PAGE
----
Skip to main content
ARS Home » Pacific West Area » Logan, Utah » Pollinating Insect-Biology, Management, Systematics Research » Research » Publications at this Location » Publication #382573

Research Project: Sustainable Crop Production and Wildland Preservation through the Management, Systematics, and Conservation of a Diversity of Bees

Location: Pollinating Insect-Biology, Management, Systematics Research

Title: Genetic and usurpation data support high incidence of bumble bee nest invasion by socially parasitic bumble bee, Bombus insularis

Author
item Koch, Jonathan
item McCabe, Lindsie
item Love, Byron
item Cox-Foster, Diana

Submitted to: Journal of Insect Science
Publication Type: Peer Reviewed Journal
Publication Acceptance Date: 8/6/2021
Publication Date: 9/3/2021
Citation: Koch, J., McCabe, L.M., Love, B.G., Cox-Foster, D.L. 2021. Genetic and usurpation data support high incidence of bumble bee nest invasion by socially parasitic bumble bee, Bombus insularis. Journal of Insect Science. 21(5). https://doi.org/10.1093/jisesa/ieab063.
DOI: https://doi.org/10.1093/jisesa/ieab063

Interpretive Summary: Cuckoo bumble bees are a unique lineage of bees that depend exclusively on a host bumble bee species to provide nesting material and labor to rear offspring. Usurpation by a cuckoo bumble bee female typically results in the death of resident gyne and many adult workers. In this study we document usurpation incidence and population genetic data of the cuckoo bumble bee, B. insularis, on field deployed B. huntii colonies. Within 12 days, 14 of the 16 deployed B. huntii colonies were documented with a B. insularis female. In one colony, up to five B. insularis females were detected, with all but one dead upon the time of inspection. We failed to detect a significant effect of the number of B. huntii workers present at deployment, colony weight, or site location on the probability of B. insularis detection within a colony. Furthermore, we failed to detect a significant difference in the number of living workers present across invaded B. huntii colonies. Based on genetic data, we determined that B. insularis have the capacity to disperse across the landscape in search of host colonies at distances of at least 3.52 km and potentially up to 7.04 km. Our study underscores the significant impact Psithyrus bumble bees have on the fitness of the host bumble bee colony. As B. insularis significantly impacts the fitness of bumble bee colonies, we briefly discuss how the utilization of Psithyrus excluders may be useful for commercial bumble bee colonies that are used to pollinate open field crops.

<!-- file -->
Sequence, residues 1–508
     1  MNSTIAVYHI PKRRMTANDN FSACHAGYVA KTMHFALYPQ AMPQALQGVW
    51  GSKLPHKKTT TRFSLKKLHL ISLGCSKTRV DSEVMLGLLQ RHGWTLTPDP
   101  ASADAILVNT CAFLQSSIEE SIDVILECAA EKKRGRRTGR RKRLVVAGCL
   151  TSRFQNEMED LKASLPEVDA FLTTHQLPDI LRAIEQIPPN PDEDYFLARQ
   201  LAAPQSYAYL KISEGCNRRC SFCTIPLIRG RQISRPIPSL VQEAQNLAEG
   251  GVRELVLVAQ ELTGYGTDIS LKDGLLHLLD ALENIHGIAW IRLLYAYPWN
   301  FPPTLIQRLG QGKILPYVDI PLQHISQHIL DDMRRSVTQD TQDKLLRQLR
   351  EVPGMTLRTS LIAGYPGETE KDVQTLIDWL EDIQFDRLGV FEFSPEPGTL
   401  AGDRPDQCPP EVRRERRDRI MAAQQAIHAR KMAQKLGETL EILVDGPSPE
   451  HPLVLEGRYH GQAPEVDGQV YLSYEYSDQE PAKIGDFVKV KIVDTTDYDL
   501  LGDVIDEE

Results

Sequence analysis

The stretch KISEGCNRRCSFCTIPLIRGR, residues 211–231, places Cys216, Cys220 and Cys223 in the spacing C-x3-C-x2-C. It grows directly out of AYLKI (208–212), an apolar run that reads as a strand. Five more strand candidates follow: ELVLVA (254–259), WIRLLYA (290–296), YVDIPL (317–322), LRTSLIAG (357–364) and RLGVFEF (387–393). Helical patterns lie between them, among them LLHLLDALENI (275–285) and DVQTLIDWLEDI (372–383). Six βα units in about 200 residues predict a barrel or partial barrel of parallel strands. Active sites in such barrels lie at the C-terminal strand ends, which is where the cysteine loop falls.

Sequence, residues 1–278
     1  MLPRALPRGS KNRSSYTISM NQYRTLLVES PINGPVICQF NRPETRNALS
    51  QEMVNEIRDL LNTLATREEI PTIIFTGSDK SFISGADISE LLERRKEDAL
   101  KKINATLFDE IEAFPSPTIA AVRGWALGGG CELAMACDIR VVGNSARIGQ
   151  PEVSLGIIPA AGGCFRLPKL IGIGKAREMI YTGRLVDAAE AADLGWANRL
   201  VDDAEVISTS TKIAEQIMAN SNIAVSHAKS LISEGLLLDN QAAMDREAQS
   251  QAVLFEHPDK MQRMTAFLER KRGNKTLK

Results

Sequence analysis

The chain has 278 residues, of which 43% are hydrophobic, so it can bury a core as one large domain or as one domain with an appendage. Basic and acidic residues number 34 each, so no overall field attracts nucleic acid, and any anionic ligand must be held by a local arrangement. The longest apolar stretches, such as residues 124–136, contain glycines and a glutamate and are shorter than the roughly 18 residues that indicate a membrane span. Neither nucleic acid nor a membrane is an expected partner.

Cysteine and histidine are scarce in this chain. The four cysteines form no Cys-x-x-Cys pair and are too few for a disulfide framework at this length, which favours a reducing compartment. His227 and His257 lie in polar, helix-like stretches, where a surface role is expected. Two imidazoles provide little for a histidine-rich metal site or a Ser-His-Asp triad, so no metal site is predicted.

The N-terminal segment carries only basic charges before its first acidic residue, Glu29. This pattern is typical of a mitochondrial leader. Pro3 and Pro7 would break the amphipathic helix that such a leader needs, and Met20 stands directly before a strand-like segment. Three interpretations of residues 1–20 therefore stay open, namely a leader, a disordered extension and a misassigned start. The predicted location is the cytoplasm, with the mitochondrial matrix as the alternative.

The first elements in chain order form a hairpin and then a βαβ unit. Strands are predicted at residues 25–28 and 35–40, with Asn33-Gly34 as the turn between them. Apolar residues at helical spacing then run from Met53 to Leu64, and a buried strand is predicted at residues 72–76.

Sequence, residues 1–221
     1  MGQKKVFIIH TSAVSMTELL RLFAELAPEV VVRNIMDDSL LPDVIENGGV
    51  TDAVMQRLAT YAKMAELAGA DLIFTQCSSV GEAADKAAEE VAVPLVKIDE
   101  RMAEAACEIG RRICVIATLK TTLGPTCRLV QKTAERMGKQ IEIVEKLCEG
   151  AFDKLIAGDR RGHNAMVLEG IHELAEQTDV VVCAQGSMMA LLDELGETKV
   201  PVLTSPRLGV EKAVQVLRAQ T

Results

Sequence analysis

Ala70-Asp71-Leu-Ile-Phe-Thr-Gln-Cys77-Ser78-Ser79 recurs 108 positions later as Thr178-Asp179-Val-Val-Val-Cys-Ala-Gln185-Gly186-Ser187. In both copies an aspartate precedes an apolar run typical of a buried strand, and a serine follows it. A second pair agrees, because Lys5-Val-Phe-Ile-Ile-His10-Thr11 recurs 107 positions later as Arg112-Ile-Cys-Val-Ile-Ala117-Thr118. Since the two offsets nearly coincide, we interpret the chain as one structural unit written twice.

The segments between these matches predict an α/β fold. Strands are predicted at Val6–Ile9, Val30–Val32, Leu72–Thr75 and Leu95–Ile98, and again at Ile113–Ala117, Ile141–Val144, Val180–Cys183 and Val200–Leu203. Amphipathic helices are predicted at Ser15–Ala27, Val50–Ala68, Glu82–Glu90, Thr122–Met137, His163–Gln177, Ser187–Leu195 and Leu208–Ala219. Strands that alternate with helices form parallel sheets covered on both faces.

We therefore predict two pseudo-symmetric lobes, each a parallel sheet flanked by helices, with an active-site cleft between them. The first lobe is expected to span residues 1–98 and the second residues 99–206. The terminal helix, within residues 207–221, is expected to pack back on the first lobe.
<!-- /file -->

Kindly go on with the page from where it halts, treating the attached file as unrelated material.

Technical Abstract: Cuckoo bumble bees (Psithyrus) are a unique lineage of bees that depend exclusively on a host bumble bee species to provide nesting material and labor to rear offspring. Usurpation by a Psithyrus female typically results in the death of resident gyne and many adult workers. In this study we document usurpation incidence and population genetic data of B. insularis females on field deployed B. huntii colonies. Within 12 days, 14 of the 16 deployed B. huntii colonies were documented with a B. insularis female. In one colony, up to five B. insularis females were detected, with all but one dead upon the time of inspection. We failed to detect a significant effect of the number of B. huntii workers present at deployment, colony weight, or site location on the probability of B. insularis detection within a colony. Furthermore, we failed to detect a significant difference in the number of living workers present across invaded B. huntii colonies. While our results suggest that bumble bee colonies with = 20 workers are highly susceptible to B. insularis usurpation, applying a Psithyrus excluder to prevent the inquiline from invading a colony was 100% effective. Finally, based on microsatellite genotype data, we determined that B. insularis have the capacity to disperse across the landscape in search of host colonies at distances of at least 3.52 km and potentially up to 7.04 km. Our study underscores the significant impact Psithyrus bumble bees have on the fitness of the host bumble bee colony. As B. insularis significantly impacts the fitness of bumble bee colonies, we briefly discuss how the utilization of Psithyrus excluders may be useful for commercial bumble bee colonies that are used to pollinate open field crops.